The Neurobehavioral Treatment of Epilepsy

The Neurobehavioral Treatment of Epilepsy

The Neurobehavioral Treatment of Epilepsy

The Neurobehavioral Treatment of Epilepsy

Synopsis

This volume is a first of its kind, addressed principally to the professional reader. While it is not intended to be exhaustive, its aim is to sketch a broad picture of some of the nondrug and nonsurgical treatment strategies with a demonstrated basis in conventional scientific method. Likewise, though it does not include all those who have contributed to the emergence of this exciting new field, it assembles those authors whose seminal work has earned them international reputations.

This volume's declared purpose is to provide a state-of-the-art guide to methods and techniques in the behavioral treatment of epilepsy and to their basis in theory. The editors hope that it will catalyze the evolution of their acceptance as standard elements, where appropriate, in the clinical activities of independent practitioners, clinics, and agencies that service those with convulsive disorders.

Excerpt

Traditionally, a volume concerned with the treatment of epilepsy restricts itself to alternatives and options that fall within the confines of pharmacological or surgical protocols. Indeed, the literature on the medical management of the epilepsies is vast, and such works often include reviews of basic neurophysiology and neurochemistry, technical issues of electroencephalography and related recording methodologies, and even animal models. Yet almost without exception, they fail to report the range of behavioral or psychological interventions and therapeutic programs that have been validated scientifically and that are available to contribute to the comprehensive management of epileptic disorders. Such techniques, properly applied, may well lead to significant reductions in the frequency and severity of clinical seizures, perhaps even with concurrent reduction or elimination of abnormal electrical discharges.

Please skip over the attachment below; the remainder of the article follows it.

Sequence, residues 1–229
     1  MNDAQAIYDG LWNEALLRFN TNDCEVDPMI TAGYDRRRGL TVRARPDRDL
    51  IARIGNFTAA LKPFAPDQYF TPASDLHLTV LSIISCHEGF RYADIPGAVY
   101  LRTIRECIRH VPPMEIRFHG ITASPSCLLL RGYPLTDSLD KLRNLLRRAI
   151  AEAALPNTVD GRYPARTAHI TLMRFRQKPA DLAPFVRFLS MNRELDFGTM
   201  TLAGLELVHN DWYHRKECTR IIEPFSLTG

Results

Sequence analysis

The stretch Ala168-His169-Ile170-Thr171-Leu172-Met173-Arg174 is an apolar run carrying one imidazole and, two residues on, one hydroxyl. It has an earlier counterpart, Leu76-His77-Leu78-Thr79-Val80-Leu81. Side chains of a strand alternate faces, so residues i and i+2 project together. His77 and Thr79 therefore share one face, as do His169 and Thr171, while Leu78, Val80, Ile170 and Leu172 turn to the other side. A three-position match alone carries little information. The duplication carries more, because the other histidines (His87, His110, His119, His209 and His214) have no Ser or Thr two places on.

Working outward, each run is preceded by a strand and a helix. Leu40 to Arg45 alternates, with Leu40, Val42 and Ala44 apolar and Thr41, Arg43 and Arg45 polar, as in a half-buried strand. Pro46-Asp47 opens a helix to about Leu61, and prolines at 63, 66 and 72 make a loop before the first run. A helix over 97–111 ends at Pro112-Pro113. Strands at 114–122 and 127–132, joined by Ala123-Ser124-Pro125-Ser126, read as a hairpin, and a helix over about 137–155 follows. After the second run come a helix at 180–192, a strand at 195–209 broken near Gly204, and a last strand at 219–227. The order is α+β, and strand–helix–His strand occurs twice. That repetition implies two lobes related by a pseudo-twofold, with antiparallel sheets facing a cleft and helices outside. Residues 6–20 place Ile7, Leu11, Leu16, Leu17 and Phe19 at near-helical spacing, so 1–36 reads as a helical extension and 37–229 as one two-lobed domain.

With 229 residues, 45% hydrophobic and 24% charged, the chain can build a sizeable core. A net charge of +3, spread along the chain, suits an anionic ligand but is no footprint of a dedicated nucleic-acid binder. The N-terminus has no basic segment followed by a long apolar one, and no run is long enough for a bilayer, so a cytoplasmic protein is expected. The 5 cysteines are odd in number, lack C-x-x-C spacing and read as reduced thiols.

The evidence strongly suggests that the inclusion of behavioral methods in a comprehensive treatment program may offer much to the clinical neurologist. At the very least, they foster increased compliance with medication regimens and stem emotional and interpersonal crises that have been shown frequently to exacerbate seizure disorders. Conventionally separated from medical management, the psychological considerations have been relegated to what has become a minor role for clinical neurologists (i.e., enhancing quality of life, teaching a restrictive lifestyle, and monitoring sequelae of the patient's condition on his or her family).

Contemporary neurology had its roots in anecdotal and clinical lore, which made frequent reference to the interplay of body and mind. Yet, paradoxically, many medical practitioners now express a seemingly hostile attitude toward . . .

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